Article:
The investors around Wallstreetbets & Co. don’t care about the fundamental valuation of a share. Instead, they are soldiers of fortune, looking for a quick profit. Their criteria are an optically low price, a possible turnaround narrative, and a high short ratio to provoke short squeezes. It is a bubble from a fundamental point of view. But that’s not a bad thing, as long as I and my capital don’t get involved there.
It’s all about the narratives
Every bubble has its justifying narrative, i.e., a story that lures investors. Regarding the so-called meme stocks, investors’ strategy is to provoke short squeezes. Therefore, they look for stocks that have a high short ratio. In some cases, the battle of private investors against short sellers/hedge funds has been stylized as a battle of good versus evil.
However, it is questionable whether and for how long such narratives will last or sustain further price increases. For example, the short ratio at GameStop and AMC fell to around 20 percent without putting an end to the spook.
Investors are therefore making themselves dependent on developments that they cannot control. Moreover, compared to institutional investors, they are even at a disadvantage because information on the build-up and reduction of short positions only reaches the broad market with a delay.
The devastating impact of final wealth-destroying events
I mean, we all want to benefit from rising profits and dividends. Nevertheless, we cannot ignore the devastating impact of final wealth-destroying events. It doesn’t matter that an approach brings an above-average annual performance of 10 percent for 47 years.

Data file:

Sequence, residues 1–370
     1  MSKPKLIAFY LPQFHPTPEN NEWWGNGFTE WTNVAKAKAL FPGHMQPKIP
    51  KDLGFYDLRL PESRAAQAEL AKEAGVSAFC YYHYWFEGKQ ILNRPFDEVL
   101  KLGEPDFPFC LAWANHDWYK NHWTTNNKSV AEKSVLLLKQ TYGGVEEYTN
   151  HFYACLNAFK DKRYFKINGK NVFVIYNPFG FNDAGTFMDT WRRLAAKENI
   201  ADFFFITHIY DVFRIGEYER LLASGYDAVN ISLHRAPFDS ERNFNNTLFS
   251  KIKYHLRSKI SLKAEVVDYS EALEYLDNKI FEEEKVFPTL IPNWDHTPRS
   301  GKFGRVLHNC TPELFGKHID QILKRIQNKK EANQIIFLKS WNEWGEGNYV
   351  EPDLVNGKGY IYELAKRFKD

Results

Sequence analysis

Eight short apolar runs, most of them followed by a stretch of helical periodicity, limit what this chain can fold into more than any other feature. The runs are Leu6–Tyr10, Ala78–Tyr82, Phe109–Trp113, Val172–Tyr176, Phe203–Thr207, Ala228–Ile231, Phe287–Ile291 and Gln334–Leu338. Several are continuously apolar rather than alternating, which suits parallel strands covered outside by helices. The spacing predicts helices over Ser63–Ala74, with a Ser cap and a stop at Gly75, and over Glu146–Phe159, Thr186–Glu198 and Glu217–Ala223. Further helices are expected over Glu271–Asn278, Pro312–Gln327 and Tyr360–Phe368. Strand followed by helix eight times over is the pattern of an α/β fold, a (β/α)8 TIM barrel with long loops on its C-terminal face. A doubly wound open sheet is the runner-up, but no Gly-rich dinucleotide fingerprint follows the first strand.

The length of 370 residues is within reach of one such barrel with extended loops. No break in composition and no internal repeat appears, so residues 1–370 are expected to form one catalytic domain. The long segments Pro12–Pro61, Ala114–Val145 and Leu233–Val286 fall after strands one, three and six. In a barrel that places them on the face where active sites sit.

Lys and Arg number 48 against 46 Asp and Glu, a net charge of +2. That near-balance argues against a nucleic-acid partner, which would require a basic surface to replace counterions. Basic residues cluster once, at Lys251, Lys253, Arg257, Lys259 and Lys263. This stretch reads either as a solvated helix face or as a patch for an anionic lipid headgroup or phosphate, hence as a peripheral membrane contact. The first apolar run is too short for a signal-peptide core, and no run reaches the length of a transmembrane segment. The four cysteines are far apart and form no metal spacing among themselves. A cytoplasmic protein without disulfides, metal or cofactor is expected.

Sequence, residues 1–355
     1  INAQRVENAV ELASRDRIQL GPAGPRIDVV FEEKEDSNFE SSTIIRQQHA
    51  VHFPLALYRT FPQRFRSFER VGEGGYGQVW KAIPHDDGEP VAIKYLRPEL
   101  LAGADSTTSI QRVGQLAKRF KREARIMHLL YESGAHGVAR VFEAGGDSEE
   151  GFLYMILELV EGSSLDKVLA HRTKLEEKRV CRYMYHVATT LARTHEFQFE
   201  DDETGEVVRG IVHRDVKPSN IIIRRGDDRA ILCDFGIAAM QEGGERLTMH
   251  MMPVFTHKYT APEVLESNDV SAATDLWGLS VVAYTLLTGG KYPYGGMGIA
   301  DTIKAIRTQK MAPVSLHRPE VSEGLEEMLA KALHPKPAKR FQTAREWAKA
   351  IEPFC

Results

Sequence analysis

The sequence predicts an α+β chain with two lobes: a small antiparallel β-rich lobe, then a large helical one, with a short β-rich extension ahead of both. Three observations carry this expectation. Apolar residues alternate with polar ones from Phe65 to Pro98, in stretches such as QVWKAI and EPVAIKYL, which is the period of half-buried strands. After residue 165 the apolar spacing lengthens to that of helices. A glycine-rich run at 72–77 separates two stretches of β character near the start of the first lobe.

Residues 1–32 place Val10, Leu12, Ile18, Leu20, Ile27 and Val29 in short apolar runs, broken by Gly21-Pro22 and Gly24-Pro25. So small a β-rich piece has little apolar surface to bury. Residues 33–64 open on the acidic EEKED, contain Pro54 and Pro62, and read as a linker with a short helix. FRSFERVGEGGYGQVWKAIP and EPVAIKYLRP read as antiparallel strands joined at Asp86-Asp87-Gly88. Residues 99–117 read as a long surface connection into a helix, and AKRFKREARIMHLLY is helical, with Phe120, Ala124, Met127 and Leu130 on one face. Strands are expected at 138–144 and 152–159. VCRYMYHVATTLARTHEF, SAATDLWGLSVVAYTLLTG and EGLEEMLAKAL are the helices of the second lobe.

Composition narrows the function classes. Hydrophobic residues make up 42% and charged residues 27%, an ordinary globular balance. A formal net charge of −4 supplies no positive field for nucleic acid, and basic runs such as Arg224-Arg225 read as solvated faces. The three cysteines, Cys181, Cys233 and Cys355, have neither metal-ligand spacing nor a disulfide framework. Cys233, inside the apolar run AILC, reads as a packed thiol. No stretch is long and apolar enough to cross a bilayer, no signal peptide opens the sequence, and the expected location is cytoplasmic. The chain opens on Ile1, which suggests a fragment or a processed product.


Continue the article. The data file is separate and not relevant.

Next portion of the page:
In a period of 50 years, three final wealth-destroying events with an impact of 2x -50 and 1x -25 percent will still lead to underperformance. These events, which only occur in only three out of 50 years, squeeze the overall annual performance below 6 percent.
A dull annual performance of 6 percent per year would be the better choice. I must only come through the years without these final wealth-destroying events.
I don’t care about all that noises
When I drew attention to the changing tectonic movements concerning retail investors last summer, I could only guess the current developments. But now they are here.
I have no idea how the stock markets will develop further. And I’m certainly not going to try to time the market in any way. I simply do not care.
I have the choice in which companies I invest. The share price and operating business are linked. Shares are the investor’s proof of legal ownership over a company, which means that the fate of the share is tied to the fate of the underlying business.
The more the share price is decoupled from the operating business, the higher the risk for the investor. For the long-term development of one’s assets, this risk consideration is the decisive point. Here, I am not risk-averse. I am only safety-focused, and I can decide with which risk profile I want to go on the road. Now is not the time to take high risks. Safety awareness should be at the forefront.
Putting the weight on safety rather than risk
That’s why I put the weight on safety rather than risk. I am not risk-averse, just safety-minded. This is a subtle difference in thinking.